VILNIUS, July 23 (Xinhua) -- Lithuanian Prime Minister Algirdas Butkevicius reassured the government's support for struggling oil refining company Orlen Lietuva after the strategic company announced second quarter net loss of 17 million U.S. dollar on Wednesday.
Butkevicius said that the Lithuanian government cannot influence commercial processes in Orlen Lietuva directly, but reassured the government's support for continuation of the oil refinery's activity.
"I personally met the management of the company in May 2014 and said that the government is ready to cooperate in solving their issues. We discussed possible solutions," said the prime minister in a statement.
"But still there's a lack of initiative from Orlen Lietuva themselves," added Butkevicius.
The government published the statement in response to rumors on possible shut down of the strategic oil refinery in Mazeikiai controlled by Polish oil company PKN Orlen.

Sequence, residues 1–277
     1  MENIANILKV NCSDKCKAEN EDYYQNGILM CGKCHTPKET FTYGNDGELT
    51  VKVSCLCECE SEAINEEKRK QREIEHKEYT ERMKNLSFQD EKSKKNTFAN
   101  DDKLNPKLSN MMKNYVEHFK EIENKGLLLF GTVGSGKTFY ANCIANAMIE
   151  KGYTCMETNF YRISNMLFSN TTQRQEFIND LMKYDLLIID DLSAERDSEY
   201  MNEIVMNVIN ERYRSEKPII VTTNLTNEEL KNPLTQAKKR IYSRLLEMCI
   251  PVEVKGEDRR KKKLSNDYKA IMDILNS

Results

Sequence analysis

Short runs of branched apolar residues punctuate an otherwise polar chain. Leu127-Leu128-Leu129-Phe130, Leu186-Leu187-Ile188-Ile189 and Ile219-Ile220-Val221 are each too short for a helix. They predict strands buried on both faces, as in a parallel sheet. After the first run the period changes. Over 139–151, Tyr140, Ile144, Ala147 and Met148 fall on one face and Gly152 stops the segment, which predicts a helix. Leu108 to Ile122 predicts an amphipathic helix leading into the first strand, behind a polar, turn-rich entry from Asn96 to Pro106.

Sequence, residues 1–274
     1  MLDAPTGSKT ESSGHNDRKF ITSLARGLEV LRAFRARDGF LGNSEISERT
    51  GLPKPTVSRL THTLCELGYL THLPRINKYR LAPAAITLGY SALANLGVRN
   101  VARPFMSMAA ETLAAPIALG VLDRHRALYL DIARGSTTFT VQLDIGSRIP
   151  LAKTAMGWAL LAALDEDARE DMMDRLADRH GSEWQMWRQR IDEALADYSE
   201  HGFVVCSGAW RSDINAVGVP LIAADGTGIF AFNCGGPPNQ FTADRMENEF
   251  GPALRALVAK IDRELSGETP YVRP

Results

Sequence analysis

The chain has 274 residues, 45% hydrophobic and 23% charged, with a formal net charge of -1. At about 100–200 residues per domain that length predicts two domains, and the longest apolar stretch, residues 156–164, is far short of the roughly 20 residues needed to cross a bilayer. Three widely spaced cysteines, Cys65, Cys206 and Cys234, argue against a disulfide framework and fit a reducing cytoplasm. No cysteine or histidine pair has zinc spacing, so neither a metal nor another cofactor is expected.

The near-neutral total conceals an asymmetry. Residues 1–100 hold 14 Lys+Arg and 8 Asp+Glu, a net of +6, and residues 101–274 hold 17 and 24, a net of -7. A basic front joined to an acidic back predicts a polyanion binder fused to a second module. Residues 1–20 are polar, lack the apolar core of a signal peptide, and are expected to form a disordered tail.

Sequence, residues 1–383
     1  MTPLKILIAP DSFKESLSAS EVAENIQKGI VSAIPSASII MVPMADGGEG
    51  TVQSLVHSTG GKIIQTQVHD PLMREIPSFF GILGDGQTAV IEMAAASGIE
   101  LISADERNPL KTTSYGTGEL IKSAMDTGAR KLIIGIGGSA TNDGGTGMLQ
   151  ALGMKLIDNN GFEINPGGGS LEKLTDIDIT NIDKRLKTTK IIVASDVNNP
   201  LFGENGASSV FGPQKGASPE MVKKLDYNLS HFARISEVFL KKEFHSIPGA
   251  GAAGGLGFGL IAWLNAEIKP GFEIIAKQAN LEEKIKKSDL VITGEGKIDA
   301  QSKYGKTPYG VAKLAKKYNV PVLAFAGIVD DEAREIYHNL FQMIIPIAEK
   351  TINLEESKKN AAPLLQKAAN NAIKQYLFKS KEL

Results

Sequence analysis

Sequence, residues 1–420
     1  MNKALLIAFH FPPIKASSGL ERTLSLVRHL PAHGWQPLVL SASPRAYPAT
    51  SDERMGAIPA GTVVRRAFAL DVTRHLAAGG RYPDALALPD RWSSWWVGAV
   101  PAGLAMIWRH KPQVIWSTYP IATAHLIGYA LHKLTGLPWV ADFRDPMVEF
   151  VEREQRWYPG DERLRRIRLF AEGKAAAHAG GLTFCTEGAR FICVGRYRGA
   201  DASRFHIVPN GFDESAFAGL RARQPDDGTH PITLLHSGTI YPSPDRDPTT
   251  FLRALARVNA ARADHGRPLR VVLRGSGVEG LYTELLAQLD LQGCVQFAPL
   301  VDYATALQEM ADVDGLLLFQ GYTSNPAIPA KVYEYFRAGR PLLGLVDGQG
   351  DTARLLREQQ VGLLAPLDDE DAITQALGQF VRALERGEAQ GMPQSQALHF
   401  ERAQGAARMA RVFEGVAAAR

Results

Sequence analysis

Rumors on possible suspension of Orlen Lietuva operations spread on the eve of announcement of PKN Orlen and its subsidiary in Lithuania second quarter results.
Jacek Krawiec, chief executive officer of PKN Orlen, reassured on Wednesday that the Polish oil company will firstly seek to improve operational efficiency of Orlen Lietuva.
"We are not giving up on Mazeikiai," Krawiec was quoted as saying at a news conference in Warsaw by BNS news agency.
As BNS reports, Krawiec didin't rule out other options and admitted that possibility to find a buyer for the struggling refinery in Lithuania is largely theoretical.
The refinery's net loss excluding impairment losses for the second quarter was 17 million U.S. dollars, compared to net loss of 42 million dollars in the first quarter.
Revenues were 1.701 billion dollars, compared to revenue of 1.285 billion dollars in the period from January to March. The impairment losses amounted to 769 million dollars.
Financial challenges of Orlen Lietuva are associated with ongoing shale oil and gas revolution in the United States and its transition into net export of oil products. It lowers demand for European refining companies' production and squeezes their profit margins.